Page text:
KENWOOD — Students, parents and teachers at Kenwood's King College Prep High School expressed relief Wednesday that suspects have been arrested and charged in the January slaying of classmate Hadiya Pendleton.
Rhonda Leavy, 15, said she was so happy that she cried when she heard the news this week of the arrests of Michael Ward, 18, and Kenneth Williams, 20.
The two alleged gang members reportedly fired at 15-year-old Hadiya and a group of students after school on Jan. 29 at nearby Vivian Gordon Harsh Park, thinking they were rival gang members, authorities said.
Ward and Williams were arrested Sunday and ordered held without bond Tuesday.
The arrests help the healing process, Rhonda said.
“I kind of feel like closure after the burial and funeral,” Rhonda said outside the school. “But it’s hard knowing she’s not going to be in school.”
One senior who asked not to be named said she knew Williams when the suspect attended King.
She was a freshman when he was a senior, she said.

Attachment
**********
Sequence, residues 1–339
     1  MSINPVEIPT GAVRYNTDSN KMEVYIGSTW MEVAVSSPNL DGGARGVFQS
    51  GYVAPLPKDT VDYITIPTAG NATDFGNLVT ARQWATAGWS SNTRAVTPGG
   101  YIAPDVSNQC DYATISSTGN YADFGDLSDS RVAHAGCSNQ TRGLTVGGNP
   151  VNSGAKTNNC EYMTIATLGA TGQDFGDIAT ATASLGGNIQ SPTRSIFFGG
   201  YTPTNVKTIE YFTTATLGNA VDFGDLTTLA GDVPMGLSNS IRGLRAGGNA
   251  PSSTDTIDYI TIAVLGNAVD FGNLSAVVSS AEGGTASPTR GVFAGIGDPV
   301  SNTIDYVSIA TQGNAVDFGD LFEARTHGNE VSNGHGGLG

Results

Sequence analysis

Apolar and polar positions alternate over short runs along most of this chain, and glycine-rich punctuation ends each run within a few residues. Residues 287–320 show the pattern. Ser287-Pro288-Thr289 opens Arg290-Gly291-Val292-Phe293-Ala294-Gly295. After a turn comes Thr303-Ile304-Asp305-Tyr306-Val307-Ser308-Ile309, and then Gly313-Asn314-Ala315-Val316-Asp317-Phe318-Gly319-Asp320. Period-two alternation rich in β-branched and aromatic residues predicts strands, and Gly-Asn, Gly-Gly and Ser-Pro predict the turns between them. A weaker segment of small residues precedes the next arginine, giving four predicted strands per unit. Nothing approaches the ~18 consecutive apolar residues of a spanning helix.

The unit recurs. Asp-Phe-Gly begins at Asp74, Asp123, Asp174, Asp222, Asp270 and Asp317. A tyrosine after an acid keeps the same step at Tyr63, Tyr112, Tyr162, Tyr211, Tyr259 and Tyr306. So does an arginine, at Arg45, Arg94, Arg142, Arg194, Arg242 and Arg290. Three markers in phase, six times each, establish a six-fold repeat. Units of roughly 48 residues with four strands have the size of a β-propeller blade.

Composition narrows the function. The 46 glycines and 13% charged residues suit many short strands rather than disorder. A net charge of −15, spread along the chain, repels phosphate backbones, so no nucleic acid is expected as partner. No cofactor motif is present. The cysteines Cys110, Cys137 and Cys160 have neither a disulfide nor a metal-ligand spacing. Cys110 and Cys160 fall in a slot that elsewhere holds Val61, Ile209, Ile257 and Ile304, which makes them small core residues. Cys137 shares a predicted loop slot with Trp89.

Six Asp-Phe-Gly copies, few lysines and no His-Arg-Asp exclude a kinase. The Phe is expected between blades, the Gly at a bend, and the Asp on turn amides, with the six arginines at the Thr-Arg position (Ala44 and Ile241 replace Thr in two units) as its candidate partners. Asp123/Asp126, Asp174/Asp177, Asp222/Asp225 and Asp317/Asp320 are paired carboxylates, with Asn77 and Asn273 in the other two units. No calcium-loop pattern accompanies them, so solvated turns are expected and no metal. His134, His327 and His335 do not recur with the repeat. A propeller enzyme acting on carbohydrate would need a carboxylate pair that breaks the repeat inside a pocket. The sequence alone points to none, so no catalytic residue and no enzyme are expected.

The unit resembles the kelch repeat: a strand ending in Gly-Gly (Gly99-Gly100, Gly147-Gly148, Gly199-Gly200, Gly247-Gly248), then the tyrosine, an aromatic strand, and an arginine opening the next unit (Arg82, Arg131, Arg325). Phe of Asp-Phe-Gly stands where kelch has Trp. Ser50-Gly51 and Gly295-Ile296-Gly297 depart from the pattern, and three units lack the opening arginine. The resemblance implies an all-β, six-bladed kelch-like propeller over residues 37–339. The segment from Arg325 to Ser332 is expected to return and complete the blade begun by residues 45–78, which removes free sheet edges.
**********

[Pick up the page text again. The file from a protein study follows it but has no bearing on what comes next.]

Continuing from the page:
"He was a sweet person," she said. "He had friends, but he was never into anything like band."
After dropping her two seniors off at the school, Seye Simpkins, 42, said the arrest of Ward and Williams in connection to Hadiya’s murder does offer kids some solace.
But, she said, all the publicity “doesn't give the children time to truly grieve.”
“It’s so much to take in,” Simpkins said.
Sheryl Wright, 16, said she felt justice was served with the arrests.
“It’s still hurting,” Sheryl said. “But knowing she’ll get justice helps.”
Hadiya’s death has become a national rallying point for gun-control advocates and politicians, Mayor Rahm Emanuel and President Barack Obama among them.
Sheryl said she hopes all the attention will lead to real efforts to curb Chicago’s gun violence.
“There’s still violence in Chicago,” said Sheryl’s friend, 15-year-old Karl Germany. “And we still have to be careful.”
Lawrence Pearson, an 18-year-old senior who said he is working on a documentary about Hadiya, said he had mixed feelings about the arrests, since Hadiya is still gone.
“I felt relieved,” he said. “But at the end of the day, it’s a lose-lose situation.”